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4 reasons to stick with Java -- and 4 reasons to dump it

Paul Krill | Oct. 1, 2014
The enterprise mainstay has proved resilient in the face of many challenges -- but just how long can it remain a premier programming language?

Sure, events on the security front have quieted down for Java lately, but the damage to its reputation is already done.

Challenge: The competition keeps getting stiffer
When Java first arrived in 1995, it was trendy, with its JVM offering portability across hardware platforms. These days, the hottest language is undoubtedly JavaScript, largely due to the ascendency of Web development and the advent of Node.js, which empowered JavaScript developers to run their code on the server.

Other languages such as Python and PHP cemented their reputations in the years following Java's initial rise, and they still boast their share of devotees. Up-and-coming languages such as Google's Go and Apple's Swift also grab their share of the headlines, taking buzz away from Java.

"It is true that Java is not as popular on a relative basis as it once was, simply because it has far more competition today, but it is still enormously popular," O'Grady says.

Challenge: Android may be a double-edged sword for Java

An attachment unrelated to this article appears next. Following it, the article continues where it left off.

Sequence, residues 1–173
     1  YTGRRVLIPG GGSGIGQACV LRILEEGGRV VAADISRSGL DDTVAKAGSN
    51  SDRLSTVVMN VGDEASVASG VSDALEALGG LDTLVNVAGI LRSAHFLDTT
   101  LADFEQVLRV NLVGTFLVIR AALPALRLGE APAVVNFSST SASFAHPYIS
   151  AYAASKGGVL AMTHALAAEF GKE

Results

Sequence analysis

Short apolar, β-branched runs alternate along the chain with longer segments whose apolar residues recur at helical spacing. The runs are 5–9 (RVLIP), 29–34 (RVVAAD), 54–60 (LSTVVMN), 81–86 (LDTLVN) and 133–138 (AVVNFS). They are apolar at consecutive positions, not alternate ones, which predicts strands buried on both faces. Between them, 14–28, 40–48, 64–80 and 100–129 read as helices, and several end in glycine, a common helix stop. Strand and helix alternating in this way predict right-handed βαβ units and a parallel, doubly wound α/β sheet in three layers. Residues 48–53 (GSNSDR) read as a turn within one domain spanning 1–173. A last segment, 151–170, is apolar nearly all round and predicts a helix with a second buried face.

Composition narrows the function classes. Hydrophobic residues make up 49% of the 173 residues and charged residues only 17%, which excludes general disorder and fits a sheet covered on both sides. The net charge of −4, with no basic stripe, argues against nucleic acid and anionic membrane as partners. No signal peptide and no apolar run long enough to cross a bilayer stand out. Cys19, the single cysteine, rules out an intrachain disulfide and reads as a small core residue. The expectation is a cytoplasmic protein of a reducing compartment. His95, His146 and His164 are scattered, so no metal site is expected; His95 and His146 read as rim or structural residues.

Though Android leverages Java, it's a variation of Java, as InfoWorld's Martin Heller points out.

"Android Java is not exactly the same as server Java, especially when you look at the libraries," he says.

Litigation over Java's use on Android also could be a problem in the long term. Oracle initially lost its case but has succeeded on appeal.

"The biggest threat I see to Java at present is Oracle's pending litigation against Google," O'Grady says. "If Java is jeopardized on the Android platform, it could lead to a substantial perceived drop in developer relevance."

Challenge: Apple has proved Java can be banned without fallout
Although mechanisms exist for developers to build apps for iOS devices using Java, Java itself is not allowed on the iPhone or iPad. For its actions, Apple appears to have escaped any negative repercussions, given the wild, runaway popularity of its mobile platform, particularly in the United States.

Prominent iOS developer Christopher Allen thinks Apple got it right. "The original Java (from Sun/Oracle) just isn't really suited for mobile -- that is why Google forked it with Android. I would say that Apple benefited by avoiding Java and the JVM, thus not offering an unsatisfactory mobile experience," Allen says.

Java continues to be on the outside looking in when it comes to the trendiest mobile platform around. When crowds of people line up outside of their local Apple store to get the latest iPhone, they're obviously not upset about Apple's Java policy for these devices.


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